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Activity of Antarctic fungi extracts against phytopathogenic bacteria

Purić, J., Vieira, G., Cavalca, L.B., Sette, L.D., Ferreira, H., Vieira, M.L.C., Sass, D.C.
Letters in applied microbiology 2018 v.66 no.6 pp. 530-536
Xanthomonas, antibacterial properties, antibiotic resistance, bioactive compounds, ecosystems, marine sediments, nutrients, passion fruits, plant pathogenic bacteria, secondary metabolites, soil, soil fungi, temperature, tomatoes, ultraviolet radiation, Antarctic region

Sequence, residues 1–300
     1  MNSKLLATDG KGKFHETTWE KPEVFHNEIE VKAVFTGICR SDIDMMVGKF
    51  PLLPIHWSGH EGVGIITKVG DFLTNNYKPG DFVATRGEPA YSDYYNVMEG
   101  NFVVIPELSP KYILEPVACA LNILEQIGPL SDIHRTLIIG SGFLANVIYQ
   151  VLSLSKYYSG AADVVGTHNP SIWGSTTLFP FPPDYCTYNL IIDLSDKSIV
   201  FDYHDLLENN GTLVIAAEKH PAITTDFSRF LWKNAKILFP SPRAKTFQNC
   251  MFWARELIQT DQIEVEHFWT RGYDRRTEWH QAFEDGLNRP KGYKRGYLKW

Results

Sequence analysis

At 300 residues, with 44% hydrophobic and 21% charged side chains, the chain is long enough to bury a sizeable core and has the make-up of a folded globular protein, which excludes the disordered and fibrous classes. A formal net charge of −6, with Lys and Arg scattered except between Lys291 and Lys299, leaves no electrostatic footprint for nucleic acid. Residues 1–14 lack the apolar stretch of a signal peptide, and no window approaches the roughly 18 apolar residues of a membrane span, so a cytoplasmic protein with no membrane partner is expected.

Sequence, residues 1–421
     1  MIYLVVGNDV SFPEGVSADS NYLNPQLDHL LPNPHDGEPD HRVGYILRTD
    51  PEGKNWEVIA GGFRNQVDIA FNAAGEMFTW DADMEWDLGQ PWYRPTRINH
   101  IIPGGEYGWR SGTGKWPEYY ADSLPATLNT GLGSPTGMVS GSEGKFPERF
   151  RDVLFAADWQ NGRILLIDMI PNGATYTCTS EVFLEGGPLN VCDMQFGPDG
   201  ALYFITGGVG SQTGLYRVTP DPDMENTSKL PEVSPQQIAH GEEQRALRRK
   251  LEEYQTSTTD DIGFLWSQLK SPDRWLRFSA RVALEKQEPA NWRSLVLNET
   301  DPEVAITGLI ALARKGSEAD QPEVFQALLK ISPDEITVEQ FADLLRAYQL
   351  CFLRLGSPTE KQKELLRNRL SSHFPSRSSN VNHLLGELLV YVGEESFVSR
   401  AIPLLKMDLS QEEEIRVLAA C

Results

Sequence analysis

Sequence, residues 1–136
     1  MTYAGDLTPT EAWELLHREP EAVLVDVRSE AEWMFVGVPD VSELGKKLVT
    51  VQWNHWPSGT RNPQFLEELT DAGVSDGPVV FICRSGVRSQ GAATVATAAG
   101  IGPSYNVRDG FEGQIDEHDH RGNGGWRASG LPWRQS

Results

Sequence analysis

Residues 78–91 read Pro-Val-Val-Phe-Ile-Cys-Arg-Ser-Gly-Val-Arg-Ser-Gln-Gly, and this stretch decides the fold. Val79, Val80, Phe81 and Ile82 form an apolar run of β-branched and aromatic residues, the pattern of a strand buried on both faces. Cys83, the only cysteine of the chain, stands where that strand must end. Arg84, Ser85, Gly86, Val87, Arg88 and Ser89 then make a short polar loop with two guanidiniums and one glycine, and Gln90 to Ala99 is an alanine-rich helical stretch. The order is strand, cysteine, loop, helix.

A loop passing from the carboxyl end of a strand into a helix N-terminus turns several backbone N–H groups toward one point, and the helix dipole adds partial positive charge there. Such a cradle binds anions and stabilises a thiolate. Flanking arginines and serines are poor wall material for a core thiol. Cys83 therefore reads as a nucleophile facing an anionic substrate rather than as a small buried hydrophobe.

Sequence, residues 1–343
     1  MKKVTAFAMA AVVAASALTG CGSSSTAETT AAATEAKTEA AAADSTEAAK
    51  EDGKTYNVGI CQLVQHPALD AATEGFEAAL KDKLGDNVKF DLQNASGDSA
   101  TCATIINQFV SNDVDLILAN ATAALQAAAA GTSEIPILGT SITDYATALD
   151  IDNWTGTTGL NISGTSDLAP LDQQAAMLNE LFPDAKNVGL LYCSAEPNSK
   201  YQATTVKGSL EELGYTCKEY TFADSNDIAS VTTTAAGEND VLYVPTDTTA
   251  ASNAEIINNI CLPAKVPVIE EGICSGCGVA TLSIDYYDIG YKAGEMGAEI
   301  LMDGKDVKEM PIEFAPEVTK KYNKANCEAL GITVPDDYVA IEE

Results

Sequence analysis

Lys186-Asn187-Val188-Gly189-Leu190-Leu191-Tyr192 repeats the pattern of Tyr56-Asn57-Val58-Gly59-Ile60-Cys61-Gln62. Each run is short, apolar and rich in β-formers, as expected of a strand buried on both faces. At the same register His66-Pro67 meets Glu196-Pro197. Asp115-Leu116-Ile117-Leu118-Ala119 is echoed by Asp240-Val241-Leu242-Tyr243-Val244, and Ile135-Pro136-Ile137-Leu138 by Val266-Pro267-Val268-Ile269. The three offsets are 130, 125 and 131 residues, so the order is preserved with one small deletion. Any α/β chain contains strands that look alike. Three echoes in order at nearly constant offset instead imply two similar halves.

This study aims to obtain secondary metabolites extracts from filamentous fungi isolated from soil and marine sediments from Antarctic ecosystems and to assess its potential antibacterial activity on Xanthomonas euvesicatoria and Xanthomonas axonopodis pv. passiflorae (phytopathogenic bacteria causing diseases in pepper and tomato and passionfruit, respectively). Among the 66 crude intracellular and extracellular extracts obtained from fungi recovered from soil and 79 obtained from marine sediment samples, 25 showed the ability to prevent the growth of X. euvesicatoria in vitro and 28 showed the ability to prevent the growth of X. axonopodis pv. passiflorae in vitro. Intracellular and extracellular extracts from soil fungi inhibited around 97% of X. euvesicatoria and 98% of X. axonopodis pv. passiflorae at 2·1 mg ml⁻¹. The average inhibition rates against X. euvesicatoria and X. axonopodis pv. passiflorae for intracellular and extracellular extracts from marine sediments fungi were around 96 and 97%, respectively, at 3·0 mg ml⁻¹. Extracts containing secondary metabolites with antimicrobial activity against X. euvesicatoria and X. axonopodis pv. passiflorae were obtained, containing possible substitutes for the products currently used to control these phytopathogens. SIGNIFICANCE AND IMPACT OF THE STUDY: Micro‐organisms from extreme ecosystems, such as the Antarctic ecosystem, need to survive in harsh conditions with low temperatures, low nutrients and high UV radiation. Micro‐organisms adapt to these conditions evolving diverse biochemical and physiological adaptations essential for survival. All this makes these micro‐organisms a rich source of novel natural products based on unique chemical scaffolds. Discovering novel bioactive compounds is essential because of the rise in antibiotic‐resistant micro‐organisms and the emergence of new infections. Fungi from Antarctic environments have been proven to produce bioactive secondary metabolites against various micro‐organisms, but few studies have shown activity against Xanthomonas phytopathogens.